Army veteran shares story of service in the Pacific during WWII
By Jeremy P. Ämick
When Brooks Nicklas graduated from a high school in Bernice, La., in 1941, he went on to gain experience in “camp life” by working for the Civilian Conservation Corps (CCC)—a relief program established by the federal government during the Great Depression.
While the start of World War II heralded the closure of CCC camps nationwide, thousands of draft-eligible men were released into the workforce, many possessing camp experience that would easily translate to military service.
“I wasn’t old enough to sign up for the military (when the CCC camp closed), so I went home and helped my dad on the farm,” said Nicklas, 90, Jefferson City, Mo. “I then got another job offer and went to work in Arkansas.”
Nicklas was married to his fiancée Joyce in 1942 and the couple had their first son the following year; but he soon discovered that the draft cycle continued to churn despite changing family dynamics.
“The (draft) notice came when my son was five months old,” he recalled.
Completing his basic training at Camp Adair, Oregon, Nicklas enjoyed a brief period of leave before reporting to the Army’s 81st Division in California, where he spent several months at two separate locations participating in amphibious training.
“We didn’t know if we were going to Europe or the Pacific,” Nicklas said, describing the two theaters of war raging overseas. “But with all the amphibious training we were getting, we figured it was going to be the South Pacific.”
In June 1944, Nicklas’ division traveled to Hawaii for several weeks of jungle training. From there, they loaded onto ships bound for Guadalcanal to practice their beach landings and assault tactics.
The soldiers, Nicklas explained, “were trained to go in (on beach landings) like Marines … we were Army Marines,” he grinned.
Their practice concluded when they boarded ships leaving for the island of Anguar (in the South Pacific), which had become the site of major conflict during the war.
“We arrived on September 17, 1944 with three regiments: the 321st was eventually pulled out and sent to Pelileu, the 323rd went to make a sweep of other islands and we stayed on Anguar,” Nicklas said.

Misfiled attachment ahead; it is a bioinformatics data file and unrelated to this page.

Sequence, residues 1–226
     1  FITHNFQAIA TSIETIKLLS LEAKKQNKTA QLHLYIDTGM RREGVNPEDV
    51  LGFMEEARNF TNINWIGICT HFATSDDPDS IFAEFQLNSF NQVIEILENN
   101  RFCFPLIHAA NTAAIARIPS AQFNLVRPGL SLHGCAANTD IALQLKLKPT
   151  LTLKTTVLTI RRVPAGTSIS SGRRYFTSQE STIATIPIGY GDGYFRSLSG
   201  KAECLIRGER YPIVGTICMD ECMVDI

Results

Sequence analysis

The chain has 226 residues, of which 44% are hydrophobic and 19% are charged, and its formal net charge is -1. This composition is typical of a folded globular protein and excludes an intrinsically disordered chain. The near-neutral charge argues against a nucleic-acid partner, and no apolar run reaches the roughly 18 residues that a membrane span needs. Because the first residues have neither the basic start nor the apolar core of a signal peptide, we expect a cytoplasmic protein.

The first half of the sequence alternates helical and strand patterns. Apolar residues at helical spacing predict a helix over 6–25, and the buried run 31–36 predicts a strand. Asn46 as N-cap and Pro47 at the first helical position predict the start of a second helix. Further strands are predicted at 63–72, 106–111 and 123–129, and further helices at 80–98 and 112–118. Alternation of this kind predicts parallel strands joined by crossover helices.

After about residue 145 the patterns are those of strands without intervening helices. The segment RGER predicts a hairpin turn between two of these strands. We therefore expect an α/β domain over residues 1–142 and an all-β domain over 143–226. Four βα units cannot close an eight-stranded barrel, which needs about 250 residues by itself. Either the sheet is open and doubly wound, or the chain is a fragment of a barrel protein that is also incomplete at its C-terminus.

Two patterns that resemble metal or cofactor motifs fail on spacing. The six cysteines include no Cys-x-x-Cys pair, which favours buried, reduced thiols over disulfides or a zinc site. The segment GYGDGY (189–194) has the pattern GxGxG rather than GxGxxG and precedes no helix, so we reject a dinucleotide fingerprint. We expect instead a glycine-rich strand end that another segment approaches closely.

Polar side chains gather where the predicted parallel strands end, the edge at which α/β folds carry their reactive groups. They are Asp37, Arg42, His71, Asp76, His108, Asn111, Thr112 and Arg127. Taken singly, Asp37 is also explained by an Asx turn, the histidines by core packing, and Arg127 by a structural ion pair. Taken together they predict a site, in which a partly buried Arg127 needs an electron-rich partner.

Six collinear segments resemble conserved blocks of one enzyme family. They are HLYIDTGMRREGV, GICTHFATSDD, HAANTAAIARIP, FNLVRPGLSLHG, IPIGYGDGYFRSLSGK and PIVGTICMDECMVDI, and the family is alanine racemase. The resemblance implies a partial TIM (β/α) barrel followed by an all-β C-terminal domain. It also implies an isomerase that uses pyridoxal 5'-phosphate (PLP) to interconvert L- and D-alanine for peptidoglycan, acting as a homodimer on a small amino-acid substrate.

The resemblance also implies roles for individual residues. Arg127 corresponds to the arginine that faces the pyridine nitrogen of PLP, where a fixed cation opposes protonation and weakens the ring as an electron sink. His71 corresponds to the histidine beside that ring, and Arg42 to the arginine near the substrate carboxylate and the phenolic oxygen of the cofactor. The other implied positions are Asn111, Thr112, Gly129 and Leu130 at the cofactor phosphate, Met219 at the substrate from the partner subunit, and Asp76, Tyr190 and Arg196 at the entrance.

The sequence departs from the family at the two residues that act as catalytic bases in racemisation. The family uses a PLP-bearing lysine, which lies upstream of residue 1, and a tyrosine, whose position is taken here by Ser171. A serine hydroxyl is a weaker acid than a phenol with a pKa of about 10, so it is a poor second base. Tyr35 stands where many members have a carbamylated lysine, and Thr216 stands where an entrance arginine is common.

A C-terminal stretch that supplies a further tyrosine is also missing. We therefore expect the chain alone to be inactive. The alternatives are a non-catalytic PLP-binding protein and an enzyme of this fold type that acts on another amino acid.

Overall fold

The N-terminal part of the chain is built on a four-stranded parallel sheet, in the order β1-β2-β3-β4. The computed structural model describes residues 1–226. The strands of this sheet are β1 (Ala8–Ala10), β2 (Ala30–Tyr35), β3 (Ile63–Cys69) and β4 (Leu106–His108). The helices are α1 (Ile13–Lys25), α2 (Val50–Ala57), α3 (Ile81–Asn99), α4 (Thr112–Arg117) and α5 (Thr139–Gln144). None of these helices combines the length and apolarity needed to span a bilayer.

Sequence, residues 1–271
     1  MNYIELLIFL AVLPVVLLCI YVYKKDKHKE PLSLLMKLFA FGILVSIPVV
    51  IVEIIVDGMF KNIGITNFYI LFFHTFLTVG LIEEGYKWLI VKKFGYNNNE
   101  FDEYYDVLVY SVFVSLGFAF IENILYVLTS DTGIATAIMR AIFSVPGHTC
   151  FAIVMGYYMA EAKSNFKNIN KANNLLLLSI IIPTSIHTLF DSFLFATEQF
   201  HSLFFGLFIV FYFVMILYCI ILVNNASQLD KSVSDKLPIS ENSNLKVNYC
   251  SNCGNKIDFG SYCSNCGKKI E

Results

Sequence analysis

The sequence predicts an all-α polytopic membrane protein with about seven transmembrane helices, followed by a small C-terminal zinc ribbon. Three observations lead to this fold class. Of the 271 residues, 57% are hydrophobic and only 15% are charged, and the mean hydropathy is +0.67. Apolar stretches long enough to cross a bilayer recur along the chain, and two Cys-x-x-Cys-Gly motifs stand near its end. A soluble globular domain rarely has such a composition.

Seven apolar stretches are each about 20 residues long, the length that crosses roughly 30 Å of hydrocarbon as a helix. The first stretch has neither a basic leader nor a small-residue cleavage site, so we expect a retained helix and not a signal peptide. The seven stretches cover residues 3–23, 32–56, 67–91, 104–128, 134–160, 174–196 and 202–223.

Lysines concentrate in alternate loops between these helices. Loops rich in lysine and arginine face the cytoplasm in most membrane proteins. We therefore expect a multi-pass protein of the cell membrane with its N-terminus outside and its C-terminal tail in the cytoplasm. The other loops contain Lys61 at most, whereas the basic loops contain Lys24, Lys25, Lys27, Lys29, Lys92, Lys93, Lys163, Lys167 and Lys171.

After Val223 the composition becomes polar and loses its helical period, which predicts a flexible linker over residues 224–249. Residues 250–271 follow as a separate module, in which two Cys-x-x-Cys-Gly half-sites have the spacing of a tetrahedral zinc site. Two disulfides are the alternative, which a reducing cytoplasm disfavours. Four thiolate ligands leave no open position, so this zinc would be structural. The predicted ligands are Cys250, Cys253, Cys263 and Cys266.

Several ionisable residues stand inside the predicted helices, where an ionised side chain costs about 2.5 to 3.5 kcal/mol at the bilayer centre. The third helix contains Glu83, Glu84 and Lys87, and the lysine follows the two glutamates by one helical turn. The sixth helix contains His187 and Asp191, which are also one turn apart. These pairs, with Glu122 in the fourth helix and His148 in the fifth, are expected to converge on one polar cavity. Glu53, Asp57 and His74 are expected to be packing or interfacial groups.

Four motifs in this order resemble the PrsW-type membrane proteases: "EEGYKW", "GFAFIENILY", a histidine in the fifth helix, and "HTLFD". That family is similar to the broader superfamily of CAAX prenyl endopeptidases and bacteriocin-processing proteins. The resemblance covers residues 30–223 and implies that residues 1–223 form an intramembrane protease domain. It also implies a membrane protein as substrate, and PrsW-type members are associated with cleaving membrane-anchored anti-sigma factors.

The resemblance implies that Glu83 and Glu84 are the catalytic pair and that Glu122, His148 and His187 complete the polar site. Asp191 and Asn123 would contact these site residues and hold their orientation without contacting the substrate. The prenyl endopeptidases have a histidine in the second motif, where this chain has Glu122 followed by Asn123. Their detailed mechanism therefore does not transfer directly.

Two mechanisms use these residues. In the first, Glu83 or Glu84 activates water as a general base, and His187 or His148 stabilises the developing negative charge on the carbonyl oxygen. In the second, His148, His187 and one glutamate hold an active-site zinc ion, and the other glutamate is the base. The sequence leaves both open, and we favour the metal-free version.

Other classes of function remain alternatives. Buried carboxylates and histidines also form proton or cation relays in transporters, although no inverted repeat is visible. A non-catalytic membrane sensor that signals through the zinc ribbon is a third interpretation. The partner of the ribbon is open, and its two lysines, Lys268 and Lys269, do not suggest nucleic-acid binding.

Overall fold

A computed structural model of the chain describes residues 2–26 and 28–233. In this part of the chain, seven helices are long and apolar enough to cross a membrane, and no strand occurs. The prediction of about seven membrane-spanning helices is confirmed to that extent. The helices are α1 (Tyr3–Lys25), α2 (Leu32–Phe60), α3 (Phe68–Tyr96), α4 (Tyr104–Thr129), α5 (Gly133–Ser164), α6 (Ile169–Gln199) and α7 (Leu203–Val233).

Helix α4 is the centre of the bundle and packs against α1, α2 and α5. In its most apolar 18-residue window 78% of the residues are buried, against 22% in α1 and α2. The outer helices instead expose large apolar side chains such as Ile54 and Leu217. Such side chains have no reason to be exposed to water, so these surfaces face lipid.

Assigned to Company G, 322nd Infantry, Nicklas recalls battling with Japanese forces for 37 days, after which the Army operated as “clean-up” by ferreting out any remaining pockets of Japanese resistance on the island.
“An air base was being built for the B-24 bombers,” Nicklas said, “and we would guard the airbase at night to keep the Japanese out. (Japanese troops were known to strap mines on themselves, Nicklas added, and then detonate the explosives when near American troops.)
A few days after Christmas, Nicklas traveled to New Caledonia where the regiment underwent the process of replacing damaged equipment and addressing the dysentery issues plaguing many of the soldiers.
The young soldier also received the opportunity to serve as a pistol instructor in his new location, though short-lived as the regiment departed for the Philippines in late spring the following year to prepare for the assault planned against the Japanese mainland.
But as history observes, Japan surrendered on September 2, 1945, shortly after atomic bombs were dropped on Nagasaki and Hiroshima. A month after the surrender, Nicklas arrived in Japan as part of the occupational forces.
“I remember going all over the countryside and gathering weapons (surrendered by Japanese soldiers),” he said.
“We never had one minute of trouble with the Japanese after the peace was signed; they’d bring their weapons and put them on a table and we’d come by and collect them,” he added.
Nicklas returned to the United States and received his discharge in January 9, 1946, having attained the rank of staff sergeant.
The combat veteran returned to his home state of Louisiana and in later years became involved in the insurance and pension business. He relocated to Jefferson City, Mo., in 1965 to establish a new company, where he has since resided.
It has been an interesting journey from CCC camp to military camp and eventually a successful career in the civilian sector after the Army, said Nicklas, affirming that his experiences in the Pacific could easily have turned out much differently if not for a higher intervention.
“There was a time (on Anguar) when there was a bullet meant for me,” he said, “but it missed me by about an inch and killed the guy behind me … he never knew what hit him.”
He paused, adding, “I got some awful close calls, but the Lord helped me out of it all, I guess.”
Jeremy P. Ämick writes on behalf of the Silver Star Families of America.
Jeremy P. Amick
Public Affairs Officer
Silver Star Families of America
Cell: (573) 230-7456